MIT Faculty Newsletter  
Vol. XVII No. 3
January / February 2005
Initial Impressions
Food for Thought:
Issues for the Next 10 Years
An Open Letter to the MIT Faculty: Maintaining Integrity at MIT
Themes On Love; Like This;
Within Another Life
Some Further Thoughts on the FPC Suggestions on Faculty Governance
Aimee Smith Found Not Guilty
Quality of Life Issues at MIT
What's All This About Export Controls?
In It But Not Of It:
Nine Years in the MIT Administration
Nuclear Engineering Department
Changes Its Name
An Update on the Cambridge-MIT Institute
Teaching this spring? You should know . . .
Research Expenditures By Primary Sponsor, 1997-2004
"Please rate the following dimensions of your program" [from the Graduate Student Survey 2004]
Printable Version

From The Faculty Chair

Food for Thought: Issues for the Next 10 Years

Rafael L. Bras

MIT works - and it did so at its best during the selection of Prof. Hockfield as our new president. The process that evolved and the seamless collaboration among the Corporation Committee on the Presidency, the Faculty Advisory Committee to the Corporation, and the Student Advisory Group, was exemplary. It is a story and a process that should be shared, perhaps another day. At the center of that process was the joint committee's outreach to the faculty in their different academic units, the students' compilation of their thoughts and opinions, and the seemingly endless hours of general discussions.

Following are some of the issues that were raised that many in the community believe will be most important during the next decade. I do want to emphasize that this is my personal interpretation and in no way represents the opinion of anybody else involved in the process of selecting the new president. Furthermore, the issues I present in what follows are not in any particular order, nor do they represent a comprehensive list.

The next decade will not look the same as the last 14 years. As successful as the last 14 were, the next decade will require new approaches, processes, and even organization.

MIT, at all levels, must maintain its nimbleness, novelty, and willingness to evolve within the broad confines of its research and education mission. Evolution does not refer only to what we do but also to how we do it.

Many on the faculty and staff feel that communication among the various parts of the institution – faculty, students, corporation, and administration – needs to improve . Some expressed the opinion that some significant academic and policy decisions had been made without sufficient consultation.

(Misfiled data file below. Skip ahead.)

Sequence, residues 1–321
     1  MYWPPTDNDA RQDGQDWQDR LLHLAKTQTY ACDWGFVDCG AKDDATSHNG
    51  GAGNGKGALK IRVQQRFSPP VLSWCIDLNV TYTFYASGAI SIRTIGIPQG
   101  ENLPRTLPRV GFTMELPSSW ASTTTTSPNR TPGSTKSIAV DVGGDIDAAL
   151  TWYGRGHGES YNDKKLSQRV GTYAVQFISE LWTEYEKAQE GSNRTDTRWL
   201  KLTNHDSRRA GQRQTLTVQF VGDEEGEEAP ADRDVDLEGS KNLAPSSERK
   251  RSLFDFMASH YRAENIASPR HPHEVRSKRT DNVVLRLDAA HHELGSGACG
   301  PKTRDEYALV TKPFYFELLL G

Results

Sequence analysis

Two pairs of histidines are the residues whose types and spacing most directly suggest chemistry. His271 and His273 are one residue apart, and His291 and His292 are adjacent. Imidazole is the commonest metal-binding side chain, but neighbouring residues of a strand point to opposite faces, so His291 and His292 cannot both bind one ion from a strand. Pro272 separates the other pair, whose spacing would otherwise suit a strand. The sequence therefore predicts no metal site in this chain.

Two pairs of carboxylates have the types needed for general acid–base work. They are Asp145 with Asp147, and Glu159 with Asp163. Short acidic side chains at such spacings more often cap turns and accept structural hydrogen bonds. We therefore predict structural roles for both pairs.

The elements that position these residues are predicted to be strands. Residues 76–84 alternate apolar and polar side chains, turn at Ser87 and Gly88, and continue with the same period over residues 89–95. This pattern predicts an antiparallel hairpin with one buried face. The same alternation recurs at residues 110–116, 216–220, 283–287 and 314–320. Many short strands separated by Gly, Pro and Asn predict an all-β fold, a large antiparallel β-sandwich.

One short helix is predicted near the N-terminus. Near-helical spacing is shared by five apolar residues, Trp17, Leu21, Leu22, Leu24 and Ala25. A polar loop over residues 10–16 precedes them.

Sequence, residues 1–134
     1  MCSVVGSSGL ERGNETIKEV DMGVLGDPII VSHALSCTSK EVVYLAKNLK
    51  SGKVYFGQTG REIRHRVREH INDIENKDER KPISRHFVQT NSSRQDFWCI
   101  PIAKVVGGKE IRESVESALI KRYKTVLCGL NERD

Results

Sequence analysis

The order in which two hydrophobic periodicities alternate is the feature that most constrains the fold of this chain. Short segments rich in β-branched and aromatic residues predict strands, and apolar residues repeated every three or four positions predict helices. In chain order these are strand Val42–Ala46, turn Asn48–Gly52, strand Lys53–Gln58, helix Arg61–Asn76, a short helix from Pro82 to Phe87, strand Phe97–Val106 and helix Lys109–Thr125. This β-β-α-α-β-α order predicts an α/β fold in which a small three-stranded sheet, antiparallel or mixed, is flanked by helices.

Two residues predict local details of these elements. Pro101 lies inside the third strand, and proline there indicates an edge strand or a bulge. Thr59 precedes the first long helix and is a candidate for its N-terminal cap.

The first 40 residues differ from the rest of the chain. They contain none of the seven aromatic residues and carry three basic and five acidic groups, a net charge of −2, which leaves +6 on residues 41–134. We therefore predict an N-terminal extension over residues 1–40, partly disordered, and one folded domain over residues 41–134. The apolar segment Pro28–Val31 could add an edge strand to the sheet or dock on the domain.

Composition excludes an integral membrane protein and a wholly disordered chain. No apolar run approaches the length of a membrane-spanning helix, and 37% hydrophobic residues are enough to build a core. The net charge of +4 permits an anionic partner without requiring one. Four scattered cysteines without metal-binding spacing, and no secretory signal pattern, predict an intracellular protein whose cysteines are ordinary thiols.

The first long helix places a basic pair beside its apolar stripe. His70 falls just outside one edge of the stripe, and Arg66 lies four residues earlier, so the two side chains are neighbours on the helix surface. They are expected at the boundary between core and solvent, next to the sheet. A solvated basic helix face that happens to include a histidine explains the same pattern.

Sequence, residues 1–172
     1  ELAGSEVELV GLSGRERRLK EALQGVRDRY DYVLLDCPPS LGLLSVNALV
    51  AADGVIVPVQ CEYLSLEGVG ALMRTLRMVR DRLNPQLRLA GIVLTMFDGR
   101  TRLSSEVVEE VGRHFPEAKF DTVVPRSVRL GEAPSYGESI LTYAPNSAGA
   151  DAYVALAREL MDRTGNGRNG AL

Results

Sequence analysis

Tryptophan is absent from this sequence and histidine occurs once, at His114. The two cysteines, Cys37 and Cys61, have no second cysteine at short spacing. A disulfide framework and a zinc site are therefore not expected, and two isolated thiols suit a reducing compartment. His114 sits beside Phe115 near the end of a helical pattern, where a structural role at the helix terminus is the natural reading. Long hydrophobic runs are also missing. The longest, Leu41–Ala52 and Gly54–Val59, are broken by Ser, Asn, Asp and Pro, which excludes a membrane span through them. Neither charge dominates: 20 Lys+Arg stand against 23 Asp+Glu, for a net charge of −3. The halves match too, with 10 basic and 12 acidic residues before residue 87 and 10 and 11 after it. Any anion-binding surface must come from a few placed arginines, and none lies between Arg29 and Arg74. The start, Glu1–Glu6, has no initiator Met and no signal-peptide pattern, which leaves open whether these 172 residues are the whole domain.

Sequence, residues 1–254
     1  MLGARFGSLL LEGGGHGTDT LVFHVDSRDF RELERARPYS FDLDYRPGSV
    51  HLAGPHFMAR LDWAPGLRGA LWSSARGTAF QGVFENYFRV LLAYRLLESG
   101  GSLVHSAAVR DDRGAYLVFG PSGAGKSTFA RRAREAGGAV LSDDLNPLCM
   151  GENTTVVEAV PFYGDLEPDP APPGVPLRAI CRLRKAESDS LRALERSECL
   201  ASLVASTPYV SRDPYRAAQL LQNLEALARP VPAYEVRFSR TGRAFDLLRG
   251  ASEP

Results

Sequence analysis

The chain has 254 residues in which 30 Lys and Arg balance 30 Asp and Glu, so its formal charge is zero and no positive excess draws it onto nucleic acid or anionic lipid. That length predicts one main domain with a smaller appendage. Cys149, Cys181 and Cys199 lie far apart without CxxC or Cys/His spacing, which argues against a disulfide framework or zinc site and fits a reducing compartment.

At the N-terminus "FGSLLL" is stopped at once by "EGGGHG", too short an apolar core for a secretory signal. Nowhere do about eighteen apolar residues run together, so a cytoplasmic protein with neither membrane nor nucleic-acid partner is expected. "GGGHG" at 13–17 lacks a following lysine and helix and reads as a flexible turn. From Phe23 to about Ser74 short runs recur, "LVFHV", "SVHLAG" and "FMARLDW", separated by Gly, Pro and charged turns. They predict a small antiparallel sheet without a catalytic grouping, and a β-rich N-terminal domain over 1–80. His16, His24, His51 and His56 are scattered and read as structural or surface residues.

Improvement in governance is one of the mechanisms to deal with improvements in communication. It is not only an issue of the "administration" communicating with the faculty and the community, but also of the faculty governance structure (and the faculty officers) communicating better with the faculty and offering opportunity for dialog. There is a need to engage the faculty better and have them "buy into" major decisions and initiatives.

There is no doubt that concerns about participation were amplified when the financial winds turned sour. Getting a handle on the financial situation and reassuring people that we are out of the woods, (or on the way out), is terribly important. People at MIT are "doers" and hate pessimism; they like an optimistic, problem-solving attitude. The challenge of taking advantage of exciting opportunities, however difficult, is better received than messages of doom and gloom.

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There has been significant progress in the recruitment of women, but we are far from declaring success. The recruitment of underrepresented minorities to the graduate student body and the faculty lags behind; in fact it is very bad . Last year's faculty resolution and Faculty Policy Committee white paper on the subject of minority recruitment and retention has energized the community. Now there is a great opportunity for positive action.